Archive for December, 2009

Favorable responses and all that jazz

December 31st, 2009
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I'm also beating -- and losing to -- Marsalis' book. Yay paradoxes!You could say that I’m no stranger to odd things happening regarding The Rough Guide to Manga, considering I’ve already been called a manga by Amazon’s official bio blurb and seen my book actually sell for a premium — used, no less — on the same site. This listing, though has to take the prize for the oddest association to date.

Submitted for your perusal is a screen grab taken from Borders.com’s Australian branch this morning. At the third spot on their list of top five jazz books? A certain manga guide, of course. (You can click through to see the full image.) Let me just offer this formal statement: As the author of The Rough Guide to Manga – or, as our friends Down Under apparently call it, simply Manga (hey! Guess I’m manga again!) — I’m pleased as punch to be held in such high regard as some of the greats in jazz: Wynton Marsalis. Leonard Bernstein. George Frideric Handel (who I thought was born, composed such works as Messiah and Water Music, and died a few hundred years before jazz ever came into its own as a unique musical style, but hey, I’m an otaku columnist, not a music scholar).

Seriously, though, I have to wonder: What kind of process is at work here that I’d be listed in the jazz category? I realize that Cowboy Bebop was mentioned in the “Beyond Manga: Anime, Live Action, Videogames” chapter, but that’s a bit of a stretch. (And besides, the Cowboy Bebop manga were awful. Even if you popped in one of the soundtracks from the Cowboy Bebop anime and listened to that while you were reading them, they still were awful … but at least you were listening to good music. But I digress.)

Ahh well. It’s nice to know that my book is appreciated, and that there have been several favorable reviews posted.

Happy new year, everyone.

Manga in 2009: The digital difference

December 27th, 2009
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In Sunday’s Drawn & Quartered column, I discuss where the manga industry stands at theĀ  end of 2009. That discussion — as seems to be the norm for pretty much anything I write these days — took up more space than I thought it would. (I didn’t even have enough room to mention Fanfare/Ponent Mon. D’oh! Here’s a capsule summary of their year: Bit difficult to find their books — at least in bookstores in Hawaii, anyway; your experience may vary in your corner of the world — but totally worth it when you do; see Summit of the Gods and A Distant Neighborhood. There. I feel complete now.)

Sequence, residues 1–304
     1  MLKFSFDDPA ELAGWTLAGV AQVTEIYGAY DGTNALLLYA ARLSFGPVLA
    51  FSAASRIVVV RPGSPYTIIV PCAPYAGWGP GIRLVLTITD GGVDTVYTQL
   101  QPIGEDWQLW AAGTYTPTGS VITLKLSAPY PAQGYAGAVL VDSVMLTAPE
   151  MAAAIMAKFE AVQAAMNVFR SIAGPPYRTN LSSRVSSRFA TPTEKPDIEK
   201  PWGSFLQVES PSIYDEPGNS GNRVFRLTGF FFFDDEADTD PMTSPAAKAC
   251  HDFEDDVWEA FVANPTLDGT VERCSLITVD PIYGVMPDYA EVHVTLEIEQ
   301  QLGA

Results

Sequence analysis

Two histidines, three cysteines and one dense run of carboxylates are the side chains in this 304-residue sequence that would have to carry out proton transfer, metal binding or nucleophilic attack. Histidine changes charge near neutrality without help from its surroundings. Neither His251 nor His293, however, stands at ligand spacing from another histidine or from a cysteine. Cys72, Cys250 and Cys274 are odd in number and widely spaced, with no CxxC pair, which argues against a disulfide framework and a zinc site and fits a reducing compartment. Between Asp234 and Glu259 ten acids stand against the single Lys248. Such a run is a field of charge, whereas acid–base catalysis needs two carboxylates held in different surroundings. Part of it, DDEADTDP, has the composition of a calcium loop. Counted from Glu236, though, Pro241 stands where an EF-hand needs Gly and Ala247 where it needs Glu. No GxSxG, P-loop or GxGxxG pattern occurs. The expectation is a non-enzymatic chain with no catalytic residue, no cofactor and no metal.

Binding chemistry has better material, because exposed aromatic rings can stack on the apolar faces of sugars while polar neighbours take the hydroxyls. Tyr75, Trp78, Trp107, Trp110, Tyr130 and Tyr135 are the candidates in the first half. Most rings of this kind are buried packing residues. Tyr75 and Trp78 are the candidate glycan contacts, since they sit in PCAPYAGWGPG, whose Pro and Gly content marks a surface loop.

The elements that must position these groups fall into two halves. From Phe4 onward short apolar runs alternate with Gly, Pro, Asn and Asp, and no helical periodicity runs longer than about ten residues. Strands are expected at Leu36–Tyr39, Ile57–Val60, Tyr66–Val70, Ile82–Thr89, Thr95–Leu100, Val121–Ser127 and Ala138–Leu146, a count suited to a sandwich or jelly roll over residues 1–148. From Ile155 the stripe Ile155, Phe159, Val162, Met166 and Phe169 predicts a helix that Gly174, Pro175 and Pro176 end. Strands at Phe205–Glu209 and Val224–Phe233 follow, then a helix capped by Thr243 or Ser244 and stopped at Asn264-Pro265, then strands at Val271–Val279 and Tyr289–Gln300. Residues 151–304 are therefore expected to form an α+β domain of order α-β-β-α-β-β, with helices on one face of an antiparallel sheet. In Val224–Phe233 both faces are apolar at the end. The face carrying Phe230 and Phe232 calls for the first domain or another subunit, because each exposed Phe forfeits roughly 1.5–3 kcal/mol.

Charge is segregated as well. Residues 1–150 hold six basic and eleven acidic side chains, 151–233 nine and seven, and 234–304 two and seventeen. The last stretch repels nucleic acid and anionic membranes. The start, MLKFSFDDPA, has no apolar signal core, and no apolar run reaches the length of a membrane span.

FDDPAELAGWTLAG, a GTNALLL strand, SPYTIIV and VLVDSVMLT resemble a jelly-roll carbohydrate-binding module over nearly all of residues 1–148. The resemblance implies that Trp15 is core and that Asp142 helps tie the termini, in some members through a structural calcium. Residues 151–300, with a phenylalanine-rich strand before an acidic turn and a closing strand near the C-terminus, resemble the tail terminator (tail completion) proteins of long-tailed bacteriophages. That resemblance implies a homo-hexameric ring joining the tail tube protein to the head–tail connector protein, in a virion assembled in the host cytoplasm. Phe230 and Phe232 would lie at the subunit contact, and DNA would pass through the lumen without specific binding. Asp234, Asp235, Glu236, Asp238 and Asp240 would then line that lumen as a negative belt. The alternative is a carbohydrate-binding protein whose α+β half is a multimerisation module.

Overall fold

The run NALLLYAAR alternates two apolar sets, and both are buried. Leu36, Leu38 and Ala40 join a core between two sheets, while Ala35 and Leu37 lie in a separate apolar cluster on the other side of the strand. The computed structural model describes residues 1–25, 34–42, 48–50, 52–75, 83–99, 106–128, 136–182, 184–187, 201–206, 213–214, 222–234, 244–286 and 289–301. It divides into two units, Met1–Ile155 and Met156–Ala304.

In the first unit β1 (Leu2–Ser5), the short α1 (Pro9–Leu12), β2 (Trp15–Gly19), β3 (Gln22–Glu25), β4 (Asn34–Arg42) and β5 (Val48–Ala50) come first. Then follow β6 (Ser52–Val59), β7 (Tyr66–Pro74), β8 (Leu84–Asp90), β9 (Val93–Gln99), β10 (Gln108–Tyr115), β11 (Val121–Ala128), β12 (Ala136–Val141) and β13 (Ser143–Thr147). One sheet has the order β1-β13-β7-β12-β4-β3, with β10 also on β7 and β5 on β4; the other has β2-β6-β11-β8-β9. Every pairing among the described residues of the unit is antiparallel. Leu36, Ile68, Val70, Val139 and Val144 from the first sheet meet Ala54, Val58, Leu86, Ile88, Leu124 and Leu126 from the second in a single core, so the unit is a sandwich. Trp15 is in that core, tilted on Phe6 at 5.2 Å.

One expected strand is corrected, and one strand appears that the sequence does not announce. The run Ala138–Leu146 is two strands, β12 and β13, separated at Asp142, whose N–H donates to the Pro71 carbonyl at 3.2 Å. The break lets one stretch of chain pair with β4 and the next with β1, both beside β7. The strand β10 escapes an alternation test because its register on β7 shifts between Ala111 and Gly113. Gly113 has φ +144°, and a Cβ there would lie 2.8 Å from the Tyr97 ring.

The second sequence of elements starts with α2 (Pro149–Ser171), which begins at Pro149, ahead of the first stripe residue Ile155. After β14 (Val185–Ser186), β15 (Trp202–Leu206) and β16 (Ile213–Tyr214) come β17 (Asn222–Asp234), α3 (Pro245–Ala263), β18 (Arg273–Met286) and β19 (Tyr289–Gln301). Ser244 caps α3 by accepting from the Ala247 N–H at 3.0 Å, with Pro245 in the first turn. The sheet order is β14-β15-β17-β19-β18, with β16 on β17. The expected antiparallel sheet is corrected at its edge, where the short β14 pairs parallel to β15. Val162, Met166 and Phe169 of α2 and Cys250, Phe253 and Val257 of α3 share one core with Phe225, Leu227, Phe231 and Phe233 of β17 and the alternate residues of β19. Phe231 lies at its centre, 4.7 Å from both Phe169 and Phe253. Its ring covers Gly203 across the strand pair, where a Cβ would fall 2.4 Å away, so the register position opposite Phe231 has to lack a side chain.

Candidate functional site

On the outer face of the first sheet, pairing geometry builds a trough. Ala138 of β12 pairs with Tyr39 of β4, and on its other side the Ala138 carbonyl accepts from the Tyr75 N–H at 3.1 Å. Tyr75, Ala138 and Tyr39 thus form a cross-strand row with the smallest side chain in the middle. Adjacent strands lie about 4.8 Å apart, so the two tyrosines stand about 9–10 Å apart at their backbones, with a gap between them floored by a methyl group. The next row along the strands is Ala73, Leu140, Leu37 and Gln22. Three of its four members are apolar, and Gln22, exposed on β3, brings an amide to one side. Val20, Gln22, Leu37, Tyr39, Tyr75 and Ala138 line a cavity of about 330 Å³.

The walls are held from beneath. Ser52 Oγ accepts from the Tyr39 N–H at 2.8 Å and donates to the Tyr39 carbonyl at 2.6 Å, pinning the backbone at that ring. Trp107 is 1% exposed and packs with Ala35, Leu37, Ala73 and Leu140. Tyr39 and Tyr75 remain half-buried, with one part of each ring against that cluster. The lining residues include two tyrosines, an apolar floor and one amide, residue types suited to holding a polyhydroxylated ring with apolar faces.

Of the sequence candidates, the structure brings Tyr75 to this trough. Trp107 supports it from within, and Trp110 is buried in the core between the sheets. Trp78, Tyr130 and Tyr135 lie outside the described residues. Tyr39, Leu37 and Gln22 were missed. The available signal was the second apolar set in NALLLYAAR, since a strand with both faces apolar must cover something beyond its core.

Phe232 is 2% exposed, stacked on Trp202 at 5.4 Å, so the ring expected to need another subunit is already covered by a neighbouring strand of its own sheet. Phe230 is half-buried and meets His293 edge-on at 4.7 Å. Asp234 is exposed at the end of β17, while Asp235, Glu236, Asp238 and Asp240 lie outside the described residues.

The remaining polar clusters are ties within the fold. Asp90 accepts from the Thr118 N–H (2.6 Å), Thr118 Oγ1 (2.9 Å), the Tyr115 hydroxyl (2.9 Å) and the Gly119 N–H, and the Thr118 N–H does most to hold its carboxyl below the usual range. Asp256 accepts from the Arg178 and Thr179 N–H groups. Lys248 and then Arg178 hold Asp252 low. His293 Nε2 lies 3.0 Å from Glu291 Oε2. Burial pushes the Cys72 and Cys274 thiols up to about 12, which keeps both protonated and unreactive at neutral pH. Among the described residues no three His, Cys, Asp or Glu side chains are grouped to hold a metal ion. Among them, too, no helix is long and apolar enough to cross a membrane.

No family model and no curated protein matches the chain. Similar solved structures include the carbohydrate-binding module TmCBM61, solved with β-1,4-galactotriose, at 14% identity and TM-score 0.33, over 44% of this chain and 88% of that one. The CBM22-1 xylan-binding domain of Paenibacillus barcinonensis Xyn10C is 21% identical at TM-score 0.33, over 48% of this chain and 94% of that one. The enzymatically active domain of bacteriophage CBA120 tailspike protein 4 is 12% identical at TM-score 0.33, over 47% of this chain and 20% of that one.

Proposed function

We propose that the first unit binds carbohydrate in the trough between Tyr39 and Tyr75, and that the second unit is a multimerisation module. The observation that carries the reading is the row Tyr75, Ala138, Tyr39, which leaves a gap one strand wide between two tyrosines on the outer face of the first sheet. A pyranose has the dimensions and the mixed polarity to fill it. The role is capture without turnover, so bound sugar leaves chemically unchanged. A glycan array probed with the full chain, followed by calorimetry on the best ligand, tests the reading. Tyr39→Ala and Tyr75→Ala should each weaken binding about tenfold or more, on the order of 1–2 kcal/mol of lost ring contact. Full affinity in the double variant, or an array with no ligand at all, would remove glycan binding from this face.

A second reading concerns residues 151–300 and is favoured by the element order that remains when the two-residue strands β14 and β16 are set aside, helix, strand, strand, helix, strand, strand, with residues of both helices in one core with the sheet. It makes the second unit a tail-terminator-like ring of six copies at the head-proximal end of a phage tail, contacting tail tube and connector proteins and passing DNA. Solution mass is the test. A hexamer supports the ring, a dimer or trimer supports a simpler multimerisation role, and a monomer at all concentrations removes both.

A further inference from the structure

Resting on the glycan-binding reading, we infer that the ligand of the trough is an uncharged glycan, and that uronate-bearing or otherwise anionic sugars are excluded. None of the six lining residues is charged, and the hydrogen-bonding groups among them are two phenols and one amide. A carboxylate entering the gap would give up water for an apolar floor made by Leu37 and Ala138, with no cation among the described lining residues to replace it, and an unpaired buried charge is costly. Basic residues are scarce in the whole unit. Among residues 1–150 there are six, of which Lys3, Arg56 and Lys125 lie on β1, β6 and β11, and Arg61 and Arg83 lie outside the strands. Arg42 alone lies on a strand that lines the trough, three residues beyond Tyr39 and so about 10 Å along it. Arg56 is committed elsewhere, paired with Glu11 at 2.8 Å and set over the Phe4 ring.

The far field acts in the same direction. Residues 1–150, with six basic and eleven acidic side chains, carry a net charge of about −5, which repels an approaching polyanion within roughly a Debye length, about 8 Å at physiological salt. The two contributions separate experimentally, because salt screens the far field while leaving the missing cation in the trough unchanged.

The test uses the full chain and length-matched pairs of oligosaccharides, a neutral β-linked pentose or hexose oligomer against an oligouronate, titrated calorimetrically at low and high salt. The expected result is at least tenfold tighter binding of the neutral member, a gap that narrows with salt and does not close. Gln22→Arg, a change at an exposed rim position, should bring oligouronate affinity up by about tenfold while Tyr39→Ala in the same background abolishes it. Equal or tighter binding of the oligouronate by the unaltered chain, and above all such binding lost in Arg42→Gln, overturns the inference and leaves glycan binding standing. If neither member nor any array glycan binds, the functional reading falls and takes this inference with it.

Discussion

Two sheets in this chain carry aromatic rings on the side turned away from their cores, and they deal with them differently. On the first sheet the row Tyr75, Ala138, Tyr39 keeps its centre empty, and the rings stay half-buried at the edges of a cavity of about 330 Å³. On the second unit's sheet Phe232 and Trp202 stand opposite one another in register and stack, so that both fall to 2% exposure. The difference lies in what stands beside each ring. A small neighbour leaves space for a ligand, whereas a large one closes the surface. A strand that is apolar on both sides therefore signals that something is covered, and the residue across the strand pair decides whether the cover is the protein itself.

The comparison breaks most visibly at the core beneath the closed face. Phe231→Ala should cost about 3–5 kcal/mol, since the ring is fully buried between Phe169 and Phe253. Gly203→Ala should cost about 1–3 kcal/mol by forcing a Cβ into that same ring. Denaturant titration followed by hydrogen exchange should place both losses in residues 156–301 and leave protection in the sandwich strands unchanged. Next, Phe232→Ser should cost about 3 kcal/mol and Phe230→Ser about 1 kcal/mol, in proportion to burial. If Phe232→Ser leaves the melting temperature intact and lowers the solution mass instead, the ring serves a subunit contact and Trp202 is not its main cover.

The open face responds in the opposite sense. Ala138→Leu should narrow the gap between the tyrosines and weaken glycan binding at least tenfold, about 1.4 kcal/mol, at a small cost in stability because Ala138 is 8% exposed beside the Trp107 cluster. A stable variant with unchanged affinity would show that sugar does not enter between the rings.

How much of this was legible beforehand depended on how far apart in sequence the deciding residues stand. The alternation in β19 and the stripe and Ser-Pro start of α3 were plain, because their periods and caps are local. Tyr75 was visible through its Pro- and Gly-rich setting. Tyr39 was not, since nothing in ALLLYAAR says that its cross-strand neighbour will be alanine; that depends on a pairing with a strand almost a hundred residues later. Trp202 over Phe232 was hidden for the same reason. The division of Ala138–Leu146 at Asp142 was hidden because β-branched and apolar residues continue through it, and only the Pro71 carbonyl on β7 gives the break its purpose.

But the digital realm also played a vital role in manga in 2009. Yes, you could say that the Internet has always been a vital part of building the U.S. manga industry into what it is today — we have online communities and blogs where we can talk about our favorite manga with one another, and we have more outlets to find said manga thanks to the establishment and growth of online retailers. 2009 was all about more choice and communication, though, as we saw in two different areas: free online manga and the growth of Twitter.

The digital buffet expands

Children of the Sea. As first seen on the Intarwebz!The concept of reading free, officially licensed manga online has been around for a while now but it was used mostly as a promotional tool for upcoming books. Need something to promote your must-read hit of the season, Magical Bubbly Kawaii Yoko-chan? Post a chapter or two, then pray it gets readers interested enough to buy the rest.